"Humana has discussed the concept with the coalition," says spokesperson Pam Gadinsky. "We are considering products and making changes that are similar to the coalition's concept that we believe could be both easily administered and provide value to our members and physicians. Our goals are similar; how we get there may be somewhat different."
None of this pleases the Florida Medical Association.
"We are not in favor of any financial incentives tied to patient care," says John Ridge, FMA's director of managed care and medical economics. "Physicians shouldn't be put in a position of making medical decisions based on dollars. I don't think anyone really wants that."
That is certainly true in Texas. The state recently reached a settlement with AetnaUSHealthcare to ensure that Aetna's financial incentives to doctors will not affect the quality of care received by their patients.
Ridge says the FMA is not opposed to quality indicators, but "the measurements and the data they use is a big issue." He points out that each health plan may collect data differently and then may measure it differently. HEDIS data may ultimately be the compromise, but he says he is not sure there is a compromise on measuring or comparing the medical outcomes of individual physicians.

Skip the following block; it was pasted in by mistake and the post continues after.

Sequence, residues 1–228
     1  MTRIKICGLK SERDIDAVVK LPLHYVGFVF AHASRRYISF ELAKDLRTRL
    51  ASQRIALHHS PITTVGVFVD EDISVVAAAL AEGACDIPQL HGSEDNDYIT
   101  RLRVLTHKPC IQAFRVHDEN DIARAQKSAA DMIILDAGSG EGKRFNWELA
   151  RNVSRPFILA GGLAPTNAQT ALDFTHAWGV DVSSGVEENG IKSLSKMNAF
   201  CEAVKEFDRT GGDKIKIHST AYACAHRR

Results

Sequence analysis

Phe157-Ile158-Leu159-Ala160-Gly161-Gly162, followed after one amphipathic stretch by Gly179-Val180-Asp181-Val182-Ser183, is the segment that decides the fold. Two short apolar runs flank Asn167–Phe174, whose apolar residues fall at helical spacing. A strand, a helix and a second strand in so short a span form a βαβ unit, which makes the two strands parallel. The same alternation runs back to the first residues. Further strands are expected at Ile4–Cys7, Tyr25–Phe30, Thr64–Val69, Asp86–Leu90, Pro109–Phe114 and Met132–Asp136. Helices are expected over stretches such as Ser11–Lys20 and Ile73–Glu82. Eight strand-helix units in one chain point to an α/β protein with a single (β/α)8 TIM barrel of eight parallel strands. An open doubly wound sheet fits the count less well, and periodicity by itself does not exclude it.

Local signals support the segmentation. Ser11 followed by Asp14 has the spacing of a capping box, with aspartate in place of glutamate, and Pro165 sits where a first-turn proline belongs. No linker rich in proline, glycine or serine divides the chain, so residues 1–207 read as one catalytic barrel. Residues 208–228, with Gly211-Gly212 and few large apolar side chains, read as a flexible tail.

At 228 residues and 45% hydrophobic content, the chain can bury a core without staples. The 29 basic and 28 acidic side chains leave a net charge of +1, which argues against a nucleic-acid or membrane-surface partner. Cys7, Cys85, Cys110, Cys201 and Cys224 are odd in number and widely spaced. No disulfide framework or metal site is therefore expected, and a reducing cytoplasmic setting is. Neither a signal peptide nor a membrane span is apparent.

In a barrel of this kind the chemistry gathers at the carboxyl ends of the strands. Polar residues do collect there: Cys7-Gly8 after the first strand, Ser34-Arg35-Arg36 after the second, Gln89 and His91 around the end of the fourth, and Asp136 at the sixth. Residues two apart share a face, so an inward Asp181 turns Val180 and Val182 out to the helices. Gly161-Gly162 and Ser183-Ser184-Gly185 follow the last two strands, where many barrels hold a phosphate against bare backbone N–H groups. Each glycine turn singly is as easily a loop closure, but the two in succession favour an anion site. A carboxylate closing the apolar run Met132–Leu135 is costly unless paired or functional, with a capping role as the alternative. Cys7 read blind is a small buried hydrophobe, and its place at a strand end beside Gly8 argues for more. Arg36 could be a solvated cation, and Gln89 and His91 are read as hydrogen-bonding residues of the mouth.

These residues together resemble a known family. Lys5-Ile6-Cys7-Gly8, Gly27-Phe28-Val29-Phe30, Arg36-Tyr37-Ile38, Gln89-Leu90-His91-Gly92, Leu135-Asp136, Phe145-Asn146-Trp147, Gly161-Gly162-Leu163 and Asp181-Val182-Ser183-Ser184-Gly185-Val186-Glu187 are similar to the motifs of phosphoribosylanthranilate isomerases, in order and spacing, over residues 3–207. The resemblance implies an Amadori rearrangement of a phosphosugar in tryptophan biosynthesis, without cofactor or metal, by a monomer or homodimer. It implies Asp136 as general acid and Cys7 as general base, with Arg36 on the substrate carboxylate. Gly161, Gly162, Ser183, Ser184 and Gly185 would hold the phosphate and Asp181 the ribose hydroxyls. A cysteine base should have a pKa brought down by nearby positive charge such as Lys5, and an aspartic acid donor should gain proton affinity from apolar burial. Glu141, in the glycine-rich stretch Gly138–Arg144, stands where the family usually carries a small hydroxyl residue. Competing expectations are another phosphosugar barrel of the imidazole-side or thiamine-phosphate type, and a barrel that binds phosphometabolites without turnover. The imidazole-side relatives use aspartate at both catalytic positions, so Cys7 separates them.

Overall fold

"The outcomes of a physician's practice may be based on any number of factors that measurements don't take into account," Ridge says.
The measurement of quality is gaining focus in light of growing premiums. In California, the California Public Employees' Retirement System (CalPERS), which represents 1 million current and former state employees, announced it would accept higher premiums and patient co-pays in exchange for better quality care.
Future negotiations will be based only partially on cost. The other element will be quality indicators. No one is quite sure what those indicators will be, but CalPERS made it clear that the health plans must provide them, monitor them and guarantee improvement, or else.